Eastern European practices in general, and Russian practices in particular, were often much more thinly Christianized -- conversion came much later, and was much spottier and incomplete than in Western Europe; there were fewer people, especially out in the sticks, who knew enough about Christian doctrine (including priests) to play orthodoxy police. The Russian term for this state of affairs is "dvoeverie" (dual faith), and there are analogues in a number of Slavic languages.

    When you start talking about Western Europe, it gets much trickier. Easter is entirely a Christian festival, but because of its timing, it picked up a bunch of pre-existing "yay spring" local practices, especially in Northern Europe. That doesn't make Easter some kind of OMG PAGAN RITE that MEAN CHRISTIANS STOLE FROM US. Christmas/Yule celebrations are even more complex, and it's worth noting that at many points in history, the most hardcore element of whatever Church was dominant at the time complained that Christmas shouldn't be celebrated at all, because it was far too unruly and paganish -- Christmas as a festival was banned in colonial New England for exactly that reason. So the meme that Christmas was some kind of "pure" Christian religious ritual that was "polluted" by pagan elements and commercialism and other bugaboos doesn't really hold water. That doesn't make it OMG PAGAN either, though.
    That makes sense. When my friends talk about the Christians stealing Easter, I point out that Easter has as much to do with passover as any pagan holiday. Especially in other countries like Spain where they don't even use the term "easter", just "pascha". However, I think for Christmas, the Christian foundation is a lot weaker, since unlike pascha, early Christians generally didn't even celebrate Christmas.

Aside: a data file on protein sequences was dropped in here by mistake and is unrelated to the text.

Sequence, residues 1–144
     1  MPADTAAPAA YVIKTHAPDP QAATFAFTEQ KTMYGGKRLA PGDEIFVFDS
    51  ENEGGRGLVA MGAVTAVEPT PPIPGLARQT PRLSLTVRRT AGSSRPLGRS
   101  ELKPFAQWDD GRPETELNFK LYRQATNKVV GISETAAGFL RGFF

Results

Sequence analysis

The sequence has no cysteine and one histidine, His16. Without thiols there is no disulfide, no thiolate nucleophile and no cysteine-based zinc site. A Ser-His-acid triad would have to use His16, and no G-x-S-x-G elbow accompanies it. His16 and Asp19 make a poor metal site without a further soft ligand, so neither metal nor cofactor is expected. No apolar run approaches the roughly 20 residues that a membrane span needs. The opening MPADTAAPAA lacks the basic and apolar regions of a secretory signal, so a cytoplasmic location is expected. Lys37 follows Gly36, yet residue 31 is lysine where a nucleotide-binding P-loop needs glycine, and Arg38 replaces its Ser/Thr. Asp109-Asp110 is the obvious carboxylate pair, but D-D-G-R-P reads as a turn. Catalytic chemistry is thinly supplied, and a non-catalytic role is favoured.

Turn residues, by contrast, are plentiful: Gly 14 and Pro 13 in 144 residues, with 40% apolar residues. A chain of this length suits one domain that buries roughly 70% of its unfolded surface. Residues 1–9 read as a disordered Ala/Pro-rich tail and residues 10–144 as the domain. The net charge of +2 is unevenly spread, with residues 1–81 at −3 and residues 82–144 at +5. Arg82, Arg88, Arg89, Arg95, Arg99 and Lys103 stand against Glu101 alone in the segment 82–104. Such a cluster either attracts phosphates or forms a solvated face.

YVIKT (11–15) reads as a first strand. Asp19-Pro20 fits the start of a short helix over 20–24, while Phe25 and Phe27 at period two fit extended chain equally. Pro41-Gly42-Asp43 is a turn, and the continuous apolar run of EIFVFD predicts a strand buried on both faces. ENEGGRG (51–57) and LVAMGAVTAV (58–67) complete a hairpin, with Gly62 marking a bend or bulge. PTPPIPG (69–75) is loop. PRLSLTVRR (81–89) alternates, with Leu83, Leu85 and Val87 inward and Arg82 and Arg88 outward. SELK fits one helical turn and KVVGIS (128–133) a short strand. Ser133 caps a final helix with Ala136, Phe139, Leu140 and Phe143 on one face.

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    Re: St.Elijah's Day/ Christianized Celebrations

    Quote Originally Posted by Nomad of Nowhere View Post
    http://12121.hostinguk.com/elijah.htm

    In Eastern Europe, it seems pretty common for St.Elijah to have a lot of pagan elements associated with him. Whenever there's a thunderstorm, people from Russia to Serbia say that it's his chariot or horses rumbling across the sky, shooting arrows at dragons and demons and such. They also say that he gathers water, or releases it by slaying the dragon or many-headed serpent of Slavic folklore (also called zmey, hala, lamia, etc.) and that he spills some of it from his chariot onto the earth while he's carrying it back to heaven. In folklore, he often behaves like a God, not a saint- although from the early Slavic point of view, there probably wasn't much difference; the word for deity (bogi) was used for icon in old Russian. In one Russian tale, he actually tries to ruin a peasant's crops with hail and storms because he honors St.Nicholas but not him. In the story, St.Nicholas protects the peasant through trickery. This day is full of old pre-Christian practices, like sacrificing of animals and the creation of sacred friction fires.

    On August second, I intend to try and celebrate a de-Christianized version of this holiday, dedicated to the Slavic storm God, Perun. I'm not sure how it will go, but I was wondering if anyone else has experience trying to take the Christian element out of Christianized celebrations. One could argue that the approach to Yule and Ostara practiced by many pagans is very much the same.
    Here is example of celebration of this celebrate in our country by one of the pagan clans: http://www.youtube.com/watch?v=JGLerQytoNU